Perennial: Plants that have an indefinite lifespan. Some are short-lived (5-10 years) and some last for centuries. Some have continuous, above-ground growth and others have top growth that disappears (dies back) each year to return the following season. Some are deciduous (losing foliage in winter) and some are evergreen (maintaining foliage year-round). All have dor­mant periods where growth is slowed or temporarily suspend­ed due to extreme heat, cold or simply genetically predeter­mined growth cycles.

Phytotoxcity: Refers to the damaging effect of chemicals applied to plants, resulting in stress or even death of the plant. Environmental toxins, herbicides and some pesticides may cause this effect.

Shade Tolerant: Plants that photosynthesize better in low light. Many of these plants will actually die if exposed to bright sunlight for too long.

Stunting: Plants with abnormally short stems, small, often deformed leaves, and overall poor color and performance. Caused by environmental stress such as water or nutrient deprivation, disease, pest insect infestation, or consistently harsh climatic conditions such as extreme cold, heat or wind.

Symbiosis: When plants have a mutually beneficial rela­tionship with another species, such as insects that feed on the nectar and spread pollen, and birds that eat the fruit and drop the indigestible seed.

Xeric (pronounced zee’rik): Of or characterized by condi­tions requiring very little water to survive. The most obvious example would be the desert and its plants. Xeric plants are those that have adapted to very dry conditions, allowing them to survive extreme drought through a unique system of water and nutrient storage and the ability to become completely dor­mant during times of severe stress, conserving their resources and thereby allowing them to survive.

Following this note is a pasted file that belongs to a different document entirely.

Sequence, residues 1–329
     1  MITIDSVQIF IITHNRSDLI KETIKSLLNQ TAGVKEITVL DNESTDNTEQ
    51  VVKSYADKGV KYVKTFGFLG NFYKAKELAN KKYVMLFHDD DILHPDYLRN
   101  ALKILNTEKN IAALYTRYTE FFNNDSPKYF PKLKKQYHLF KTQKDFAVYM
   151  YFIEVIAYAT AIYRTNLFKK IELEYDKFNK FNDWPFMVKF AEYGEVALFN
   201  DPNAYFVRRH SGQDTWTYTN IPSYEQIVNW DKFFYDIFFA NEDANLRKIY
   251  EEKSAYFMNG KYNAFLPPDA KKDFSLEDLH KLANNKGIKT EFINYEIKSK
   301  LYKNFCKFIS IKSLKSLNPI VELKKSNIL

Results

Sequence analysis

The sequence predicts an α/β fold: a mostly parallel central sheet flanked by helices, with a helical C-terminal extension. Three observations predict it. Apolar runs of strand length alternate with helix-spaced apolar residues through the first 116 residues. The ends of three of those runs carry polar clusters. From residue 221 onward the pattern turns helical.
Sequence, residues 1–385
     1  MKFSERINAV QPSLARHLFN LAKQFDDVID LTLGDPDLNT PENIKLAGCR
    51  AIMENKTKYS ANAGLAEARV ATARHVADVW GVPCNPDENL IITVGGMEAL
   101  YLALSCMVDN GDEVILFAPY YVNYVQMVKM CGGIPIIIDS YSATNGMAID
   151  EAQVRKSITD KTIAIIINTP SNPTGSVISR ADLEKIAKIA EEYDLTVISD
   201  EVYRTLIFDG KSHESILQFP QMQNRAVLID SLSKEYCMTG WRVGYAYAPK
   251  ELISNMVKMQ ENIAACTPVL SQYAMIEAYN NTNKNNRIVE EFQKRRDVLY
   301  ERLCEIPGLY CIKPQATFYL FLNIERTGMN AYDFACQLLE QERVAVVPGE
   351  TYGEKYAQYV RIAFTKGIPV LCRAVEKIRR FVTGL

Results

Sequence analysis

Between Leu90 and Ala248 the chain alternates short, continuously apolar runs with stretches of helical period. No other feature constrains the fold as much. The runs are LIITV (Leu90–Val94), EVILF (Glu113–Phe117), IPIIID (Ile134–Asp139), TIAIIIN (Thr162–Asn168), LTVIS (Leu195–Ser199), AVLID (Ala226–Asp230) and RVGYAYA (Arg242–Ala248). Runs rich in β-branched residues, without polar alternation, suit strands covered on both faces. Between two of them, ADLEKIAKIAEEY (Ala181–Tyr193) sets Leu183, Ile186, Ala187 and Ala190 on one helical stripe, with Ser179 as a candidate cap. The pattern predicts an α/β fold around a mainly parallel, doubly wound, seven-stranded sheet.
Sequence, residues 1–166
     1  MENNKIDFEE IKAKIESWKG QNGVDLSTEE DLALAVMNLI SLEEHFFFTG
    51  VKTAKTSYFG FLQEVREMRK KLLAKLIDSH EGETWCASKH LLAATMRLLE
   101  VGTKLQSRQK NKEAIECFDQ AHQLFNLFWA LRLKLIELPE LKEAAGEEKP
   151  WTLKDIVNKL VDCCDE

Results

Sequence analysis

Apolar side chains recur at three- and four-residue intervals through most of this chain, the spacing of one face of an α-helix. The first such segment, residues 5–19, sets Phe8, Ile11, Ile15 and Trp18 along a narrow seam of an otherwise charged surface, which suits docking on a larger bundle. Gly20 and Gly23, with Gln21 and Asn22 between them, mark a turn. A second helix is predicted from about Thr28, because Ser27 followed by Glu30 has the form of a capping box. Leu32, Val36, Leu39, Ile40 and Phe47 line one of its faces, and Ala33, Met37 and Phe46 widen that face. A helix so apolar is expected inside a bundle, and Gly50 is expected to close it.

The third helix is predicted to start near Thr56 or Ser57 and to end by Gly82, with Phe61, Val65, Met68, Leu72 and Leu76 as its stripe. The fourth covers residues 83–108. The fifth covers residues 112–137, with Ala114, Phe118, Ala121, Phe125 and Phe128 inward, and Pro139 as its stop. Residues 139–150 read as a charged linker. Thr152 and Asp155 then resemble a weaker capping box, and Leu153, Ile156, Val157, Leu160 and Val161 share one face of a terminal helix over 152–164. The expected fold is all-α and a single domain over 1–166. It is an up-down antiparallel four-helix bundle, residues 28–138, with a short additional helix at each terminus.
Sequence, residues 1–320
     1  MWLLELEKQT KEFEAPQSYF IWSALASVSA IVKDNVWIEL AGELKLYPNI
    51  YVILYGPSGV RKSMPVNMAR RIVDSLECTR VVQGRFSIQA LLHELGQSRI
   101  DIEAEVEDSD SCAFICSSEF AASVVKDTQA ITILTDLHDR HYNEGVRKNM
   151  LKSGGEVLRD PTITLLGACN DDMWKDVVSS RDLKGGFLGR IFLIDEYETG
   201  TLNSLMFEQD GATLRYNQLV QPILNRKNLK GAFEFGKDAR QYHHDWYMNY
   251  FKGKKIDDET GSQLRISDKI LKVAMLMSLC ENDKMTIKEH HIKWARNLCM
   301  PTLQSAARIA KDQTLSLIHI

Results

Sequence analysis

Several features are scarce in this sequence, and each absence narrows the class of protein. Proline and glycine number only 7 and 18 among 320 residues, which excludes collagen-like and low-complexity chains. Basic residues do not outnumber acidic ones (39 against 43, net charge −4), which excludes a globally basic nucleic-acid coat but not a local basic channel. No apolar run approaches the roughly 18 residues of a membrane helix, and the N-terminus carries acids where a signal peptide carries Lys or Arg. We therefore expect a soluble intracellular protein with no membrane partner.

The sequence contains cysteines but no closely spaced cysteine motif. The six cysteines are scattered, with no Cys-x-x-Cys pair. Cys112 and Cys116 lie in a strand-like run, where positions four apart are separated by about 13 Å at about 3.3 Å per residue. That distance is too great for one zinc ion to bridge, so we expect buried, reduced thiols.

Genes: The molecular-sized hereditary units attached to chromosomes in the nucleus of all cells that dictate the inher­itable characteristics of an organism. Some genes are dominant and physically apparent, and some are present but tucked away in the chromosomes and passed on to later generations. When growing out non-hybrid seeds, it’s always interesting to see recessive characteristics popping out occasionally in a few of the plants. This of course is where much of the commercial horticultural selection process begins.

Genotype: The gene composition of a plant.

Heirloom: Plant whose characteristics are the result of natural selection rather than hybrid gene mixing. Many heir­looms are essentially, genetically identical to the parent plant with only subtle, (evolutionary) genetic differences occurring over time. These plant varieties are often very old; the seeds or cuttings having been carefully (and lovingly) handed down through the generations to protect the genetic heritage.

Hybrid: Often designated in seed catalogs as F1 meaning the plant will be an offspring of two related species of plants, each of whom contribute specific, desirable characteristics to the genes of the hybrid plant. Successive seeds from these hybridized plants (after growing out and fruiting) will, if not sterile, eventually go back to the original parent plant charac­teristics.

Non-Hybrid: Although this category includes many heir­looms the term simply refers to plant species and varieties that have not endured genetic tampering. Many of these plants are tried and true, solid producers.

Open-Pollinated: Refers to non-hybrid plants that are wind-, insect- or self-pollinated and are capable of cross-polli­nating with other plants of similar species. These plants carry the foundational genetic makeup of the species and pass it on to the next generation.

Phenotype: This is the apparent or visible expression of a genetic characteristic such as leaf shape, height, width, color, etc.

Selected Variety: Variety of a species bred through natural genetic selection, from the process of growing the plant out over time, and selecting progeny with desirable characteristics rather than gene mixing via intentional cross-pollination (resulting in a hybrid from two specific members of a species).